Tom Izzo isn't the most outwardly sentimental guy.
If he's being blunt, which he is most of the time, his opinion is that you should save the "12 Sweet 16s in 18 seasons" plaudits for when he's old and out of coaching. When he's rocking grandchildren, when that fan recognizes him in the grocery store, when a young coach needs a mentor -- that's the time when he'll really meditate on how his career changed him as a person.
Right now, he just wants to coach.
But that's where it gets tricky. The coach whose team will take the floor Friday night against No. 1 seed Virginia isn't the same coach whose team took the floor against then-No. 1 Kentucky in November. To coach this team, and realize that fact, Izzo had to reflect on himself as a person and coach and contemplate where this season fits into his career and growth as a coach.
Generally, Izzo wouldn't pause for midseason reflection on how a season full of change and struggle has changed him. But this one was just so wildly different.
"I definitely think I'll be a better coach, better parent, better person because of this season," Izzo said. "They say adversity makes you stronger."
It's hard to say where Izzo's career will fit in with the John Woodens, Adolph Rupps and Bob Knights of the world. It's hard to say how one season can change a coach. And man.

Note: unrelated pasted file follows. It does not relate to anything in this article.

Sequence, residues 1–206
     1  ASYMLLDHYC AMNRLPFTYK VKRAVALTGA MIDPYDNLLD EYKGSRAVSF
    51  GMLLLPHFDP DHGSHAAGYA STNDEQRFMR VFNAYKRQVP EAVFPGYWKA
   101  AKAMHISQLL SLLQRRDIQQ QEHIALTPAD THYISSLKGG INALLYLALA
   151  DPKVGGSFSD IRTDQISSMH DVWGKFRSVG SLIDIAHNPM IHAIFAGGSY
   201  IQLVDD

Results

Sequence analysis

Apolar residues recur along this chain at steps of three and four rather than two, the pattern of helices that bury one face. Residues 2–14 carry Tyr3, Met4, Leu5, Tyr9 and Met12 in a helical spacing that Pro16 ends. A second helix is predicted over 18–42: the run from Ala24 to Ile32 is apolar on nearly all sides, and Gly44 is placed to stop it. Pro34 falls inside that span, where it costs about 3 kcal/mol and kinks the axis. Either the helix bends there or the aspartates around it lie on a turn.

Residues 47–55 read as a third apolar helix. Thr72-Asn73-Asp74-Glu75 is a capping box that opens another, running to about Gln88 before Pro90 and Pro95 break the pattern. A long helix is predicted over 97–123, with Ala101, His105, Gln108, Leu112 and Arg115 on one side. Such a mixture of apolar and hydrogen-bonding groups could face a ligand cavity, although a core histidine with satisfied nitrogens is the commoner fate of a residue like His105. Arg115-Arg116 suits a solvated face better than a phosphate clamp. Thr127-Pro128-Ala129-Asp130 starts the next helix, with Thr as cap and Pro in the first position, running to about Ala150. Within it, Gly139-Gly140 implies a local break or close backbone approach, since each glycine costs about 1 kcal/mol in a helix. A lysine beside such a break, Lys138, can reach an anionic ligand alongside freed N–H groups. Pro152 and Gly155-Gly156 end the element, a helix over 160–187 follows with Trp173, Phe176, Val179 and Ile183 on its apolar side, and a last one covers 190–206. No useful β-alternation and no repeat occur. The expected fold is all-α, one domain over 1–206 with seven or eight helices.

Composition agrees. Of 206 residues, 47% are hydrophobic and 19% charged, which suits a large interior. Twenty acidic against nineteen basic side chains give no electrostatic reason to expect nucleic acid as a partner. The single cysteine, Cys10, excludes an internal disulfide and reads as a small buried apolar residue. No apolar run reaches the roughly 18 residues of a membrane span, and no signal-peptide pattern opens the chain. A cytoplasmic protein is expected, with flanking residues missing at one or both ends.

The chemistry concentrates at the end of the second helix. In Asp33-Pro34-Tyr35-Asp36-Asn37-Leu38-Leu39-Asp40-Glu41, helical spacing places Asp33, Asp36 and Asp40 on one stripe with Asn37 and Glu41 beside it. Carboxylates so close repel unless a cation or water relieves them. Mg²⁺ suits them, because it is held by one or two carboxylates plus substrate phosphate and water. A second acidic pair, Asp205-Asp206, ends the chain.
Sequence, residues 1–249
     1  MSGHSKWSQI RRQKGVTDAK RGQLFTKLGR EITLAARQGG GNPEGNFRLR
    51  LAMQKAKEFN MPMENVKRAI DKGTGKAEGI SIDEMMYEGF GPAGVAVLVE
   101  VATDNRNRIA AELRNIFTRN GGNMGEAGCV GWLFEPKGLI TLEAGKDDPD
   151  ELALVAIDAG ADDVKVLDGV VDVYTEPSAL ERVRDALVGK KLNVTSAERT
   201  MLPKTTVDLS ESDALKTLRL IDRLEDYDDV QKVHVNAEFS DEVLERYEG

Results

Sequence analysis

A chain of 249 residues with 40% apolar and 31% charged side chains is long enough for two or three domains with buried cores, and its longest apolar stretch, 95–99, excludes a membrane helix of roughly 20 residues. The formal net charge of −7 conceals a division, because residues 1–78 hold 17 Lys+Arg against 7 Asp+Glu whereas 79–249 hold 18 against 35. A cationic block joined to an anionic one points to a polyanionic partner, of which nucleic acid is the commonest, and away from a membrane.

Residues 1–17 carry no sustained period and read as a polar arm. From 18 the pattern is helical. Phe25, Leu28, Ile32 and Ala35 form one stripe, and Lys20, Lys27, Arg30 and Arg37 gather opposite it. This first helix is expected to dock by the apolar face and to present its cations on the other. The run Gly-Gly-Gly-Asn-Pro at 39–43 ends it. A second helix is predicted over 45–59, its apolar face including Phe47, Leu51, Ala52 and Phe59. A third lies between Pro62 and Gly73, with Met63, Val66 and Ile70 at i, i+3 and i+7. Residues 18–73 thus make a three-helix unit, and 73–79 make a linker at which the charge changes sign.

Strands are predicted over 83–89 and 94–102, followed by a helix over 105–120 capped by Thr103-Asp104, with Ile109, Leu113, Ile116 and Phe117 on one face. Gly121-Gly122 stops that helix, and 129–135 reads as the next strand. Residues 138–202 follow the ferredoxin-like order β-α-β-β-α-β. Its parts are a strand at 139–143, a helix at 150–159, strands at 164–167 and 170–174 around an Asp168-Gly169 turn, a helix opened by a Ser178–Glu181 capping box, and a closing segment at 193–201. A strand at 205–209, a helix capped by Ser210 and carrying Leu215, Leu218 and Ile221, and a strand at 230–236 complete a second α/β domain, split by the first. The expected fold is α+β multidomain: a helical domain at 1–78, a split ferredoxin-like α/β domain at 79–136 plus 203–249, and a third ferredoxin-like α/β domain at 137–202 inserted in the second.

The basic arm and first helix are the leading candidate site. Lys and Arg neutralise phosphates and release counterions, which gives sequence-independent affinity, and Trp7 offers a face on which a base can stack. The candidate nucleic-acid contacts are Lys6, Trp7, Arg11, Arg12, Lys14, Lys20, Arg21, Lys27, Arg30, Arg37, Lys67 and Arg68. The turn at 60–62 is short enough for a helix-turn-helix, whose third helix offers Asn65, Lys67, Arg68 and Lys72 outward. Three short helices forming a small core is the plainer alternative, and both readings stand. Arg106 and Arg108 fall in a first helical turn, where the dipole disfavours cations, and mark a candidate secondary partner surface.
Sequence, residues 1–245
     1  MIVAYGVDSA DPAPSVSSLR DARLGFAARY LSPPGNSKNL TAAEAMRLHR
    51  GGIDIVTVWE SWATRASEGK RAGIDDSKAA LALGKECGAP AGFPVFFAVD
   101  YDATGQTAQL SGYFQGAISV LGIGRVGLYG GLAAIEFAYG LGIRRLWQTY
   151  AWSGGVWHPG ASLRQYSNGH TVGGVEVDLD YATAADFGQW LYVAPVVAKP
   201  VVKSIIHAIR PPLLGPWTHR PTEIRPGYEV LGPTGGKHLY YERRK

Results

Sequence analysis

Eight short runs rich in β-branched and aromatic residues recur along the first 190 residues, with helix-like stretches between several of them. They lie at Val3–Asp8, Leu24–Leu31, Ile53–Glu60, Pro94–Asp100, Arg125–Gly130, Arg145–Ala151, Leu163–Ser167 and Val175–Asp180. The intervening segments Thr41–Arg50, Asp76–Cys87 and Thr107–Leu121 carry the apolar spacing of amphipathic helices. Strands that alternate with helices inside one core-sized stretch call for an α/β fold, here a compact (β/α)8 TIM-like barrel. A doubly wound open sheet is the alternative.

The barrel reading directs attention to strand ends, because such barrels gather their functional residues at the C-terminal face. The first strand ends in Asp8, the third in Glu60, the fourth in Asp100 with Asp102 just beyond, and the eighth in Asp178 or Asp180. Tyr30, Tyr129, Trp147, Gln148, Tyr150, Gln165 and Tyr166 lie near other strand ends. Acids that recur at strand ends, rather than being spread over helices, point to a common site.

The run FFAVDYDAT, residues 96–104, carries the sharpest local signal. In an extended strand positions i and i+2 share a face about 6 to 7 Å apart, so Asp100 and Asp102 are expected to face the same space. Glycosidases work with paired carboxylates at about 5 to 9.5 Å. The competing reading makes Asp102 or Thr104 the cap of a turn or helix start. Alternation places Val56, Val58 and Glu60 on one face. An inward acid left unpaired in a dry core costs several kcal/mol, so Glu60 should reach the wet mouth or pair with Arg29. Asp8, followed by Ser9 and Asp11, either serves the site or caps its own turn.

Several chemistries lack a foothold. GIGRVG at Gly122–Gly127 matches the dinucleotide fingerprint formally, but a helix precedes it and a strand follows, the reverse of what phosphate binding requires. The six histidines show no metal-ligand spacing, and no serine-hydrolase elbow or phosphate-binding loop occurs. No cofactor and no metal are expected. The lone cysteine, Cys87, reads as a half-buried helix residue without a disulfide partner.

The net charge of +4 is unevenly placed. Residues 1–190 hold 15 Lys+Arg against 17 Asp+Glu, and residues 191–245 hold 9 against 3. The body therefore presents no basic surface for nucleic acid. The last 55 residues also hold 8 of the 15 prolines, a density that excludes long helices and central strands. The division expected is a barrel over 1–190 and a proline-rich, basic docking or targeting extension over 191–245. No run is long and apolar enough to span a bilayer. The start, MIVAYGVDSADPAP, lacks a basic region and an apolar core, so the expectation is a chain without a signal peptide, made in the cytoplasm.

Those coaches faced adversity. Maybe not the same as Izzo did this season, but their own brand. They changed, they adapted, they grew.
For a coach who has never had to deal with such tumult, how much has this season changed Izzo?
"That's a deep thought," Izzo said, with a laugh.
The answer: It has changed him a lot. He might be more changed by this season than any that came before it, and possibly any that comes after it.
In November, when he was looking at his team, he saw something he had seen only twice during his career -- a real shot at a national title. He had seen that same potential in his 1999-2000 and 2000-01 teams. In 2000, the Spartans won it all. In 2001, they made it to the Final Four. Michigan State entered those seasons as the No. 2- and No. 3-ranked team, respectively.
This season, the preseason polls exhibited the same belief in this Michigan State team as Izzo. The Spartans were No. 2, one spot behind Kentucky. With others seeing what he saw, he thought that if this group could stay healthy it would be in a good spot.
There. That's the spot where the change in Izzo this season might have started, in that single thought, a belief that his team wouldn't just be good but one of the best he has ever coached.
"I had the whole package this year. ... You yearn for those kind of years," Izzo said. "I thought we had a real shot to get there when the year started. And you don't have many of those."
If only we can stay healthy ...
Every coach says that. It wasn't some brilliant, original thought. But how ominous it seems now. Only twice before had he thought so highly of a team entering a season. But never before had he experienced players getting injured at such a high clip as the Spartans did during the 2013-14 season.